MenW is now the predominant serogroup causing IMD in Western Australia. Core-genome analysis identified a new cluster of penicillin-resistant MenW:cc11 clinical isolates that emerged throughout this region during early 2016.
We demonstrated that the penA_253 allele has a major role in increasing penicillin resistance among isolates in this new cluster. Because penA_253 has been identified in MenW:cc11 isolates in Europe in 2016, jurisdictions are encouraged to monitor emergence of strains harboring this allele by PCR for culture-negative cases.
We thank the scientific staff in the microbiology laboratory at PathWest Medicine, Perth, Australia, for serogrouping, storing, and collecting data for the meningococcal isolates.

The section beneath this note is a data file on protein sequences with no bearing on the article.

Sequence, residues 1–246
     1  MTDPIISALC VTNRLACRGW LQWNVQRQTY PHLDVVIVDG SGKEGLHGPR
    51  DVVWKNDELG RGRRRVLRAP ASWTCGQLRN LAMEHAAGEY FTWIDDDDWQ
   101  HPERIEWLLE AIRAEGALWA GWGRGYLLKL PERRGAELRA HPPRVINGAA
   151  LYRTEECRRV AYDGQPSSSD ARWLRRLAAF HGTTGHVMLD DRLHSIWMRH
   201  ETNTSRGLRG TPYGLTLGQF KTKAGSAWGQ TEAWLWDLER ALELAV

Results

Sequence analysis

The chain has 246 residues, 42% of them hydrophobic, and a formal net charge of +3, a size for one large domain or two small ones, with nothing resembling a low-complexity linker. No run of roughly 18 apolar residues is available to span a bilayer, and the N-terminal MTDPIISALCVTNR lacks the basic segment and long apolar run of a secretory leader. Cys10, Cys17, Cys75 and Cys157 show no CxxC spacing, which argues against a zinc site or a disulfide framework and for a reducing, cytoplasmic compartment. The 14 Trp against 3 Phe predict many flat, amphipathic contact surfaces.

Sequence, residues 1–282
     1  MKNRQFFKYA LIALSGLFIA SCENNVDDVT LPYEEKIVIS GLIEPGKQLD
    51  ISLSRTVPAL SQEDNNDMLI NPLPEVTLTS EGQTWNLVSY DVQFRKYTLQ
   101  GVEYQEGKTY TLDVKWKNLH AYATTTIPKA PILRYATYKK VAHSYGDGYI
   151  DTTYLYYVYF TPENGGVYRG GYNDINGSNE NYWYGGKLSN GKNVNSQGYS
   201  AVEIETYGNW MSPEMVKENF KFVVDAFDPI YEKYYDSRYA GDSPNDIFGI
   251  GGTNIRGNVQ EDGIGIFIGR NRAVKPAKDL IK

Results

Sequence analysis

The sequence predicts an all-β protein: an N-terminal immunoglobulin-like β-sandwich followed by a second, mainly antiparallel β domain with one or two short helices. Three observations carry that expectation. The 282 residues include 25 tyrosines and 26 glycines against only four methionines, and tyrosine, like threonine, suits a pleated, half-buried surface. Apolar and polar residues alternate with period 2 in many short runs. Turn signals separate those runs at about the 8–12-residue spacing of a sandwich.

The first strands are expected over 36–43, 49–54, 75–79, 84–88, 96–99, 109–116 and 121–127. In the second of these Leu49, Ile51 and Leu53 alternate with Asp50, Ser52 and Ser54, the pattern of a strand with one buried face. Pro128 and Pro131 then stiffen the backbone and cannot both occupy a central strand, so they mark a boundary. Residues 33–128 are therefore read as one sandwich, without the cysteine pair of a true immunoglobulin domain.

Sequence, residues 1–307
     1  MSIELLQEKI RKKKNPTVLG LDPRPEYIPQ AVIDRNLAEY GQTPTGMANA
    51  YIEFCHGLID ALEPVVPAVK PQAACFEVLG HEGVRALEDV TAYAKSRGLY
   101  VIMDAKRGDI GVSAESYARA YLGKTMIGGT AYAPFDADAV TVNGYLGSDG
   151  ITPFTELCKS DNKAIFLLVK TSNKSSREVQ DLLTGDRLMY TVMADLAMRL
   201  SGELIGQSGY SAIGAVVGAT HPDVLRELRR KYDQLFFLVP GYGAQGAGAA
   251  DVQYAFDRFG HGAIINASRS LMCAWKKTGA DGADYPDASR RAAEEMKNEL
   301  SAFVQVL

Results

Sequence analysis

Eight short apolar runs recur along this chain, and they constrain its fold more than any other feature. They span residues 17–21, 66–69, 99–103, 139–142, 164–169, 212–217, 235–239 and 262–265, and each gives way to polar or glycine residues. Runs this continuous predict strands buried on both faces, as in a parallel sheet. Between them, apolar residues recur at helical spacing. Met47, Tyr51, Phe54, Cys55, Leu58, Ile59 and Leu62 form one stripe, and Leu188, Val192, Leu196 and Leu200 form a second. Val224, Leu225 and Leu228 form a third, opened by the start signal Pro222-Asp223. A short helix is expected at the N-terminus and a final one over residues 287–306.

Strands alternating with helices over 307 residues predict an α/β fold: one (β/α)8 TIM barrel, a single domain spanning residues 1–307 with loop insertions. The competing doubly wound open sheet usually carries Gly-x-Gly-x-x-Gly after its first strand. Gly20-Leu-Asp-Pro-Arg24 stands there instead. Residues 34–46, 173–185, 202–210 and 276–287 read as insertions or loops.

This study was supported by a grant from the Amanda Young Foundation (http://www.amandayoungfoundation.org.au/), a not-for-profit, charitable organization of Western Australia, to C.M.K. C.M.K. is also supported by the National Health and Medical Research Council of Australia (APP1003697). S.M. is supported by an International Postgraduate Research Scholarship from the University of Western Australia. We used the Neisseria Multi Locus Sequence Typing website (http://pubmlst.org/
neisseria), which is supported by grant 104992 from the Wellcome Trust to Martin Maiden and K.A.J.
Figure 2. Phylogenetic reconstruction by using an unrooted neighbor-net algorithm of core genomes of clonal complex 11 Neisseria meningitidis strains with serogroup W capsules (MenW:cc11), Western Australia, Australia, January 2013–December 2016. Blue circles indicate isolates in cluster A from Western Australia; red circles indicate isolates in cluster B from Western Australia; gray circle indicates ExNm672, a strain isolated from a traveler; open squares indicate the 5 MenW:cc11 isolates in the PubMLST database (http://pubmlst.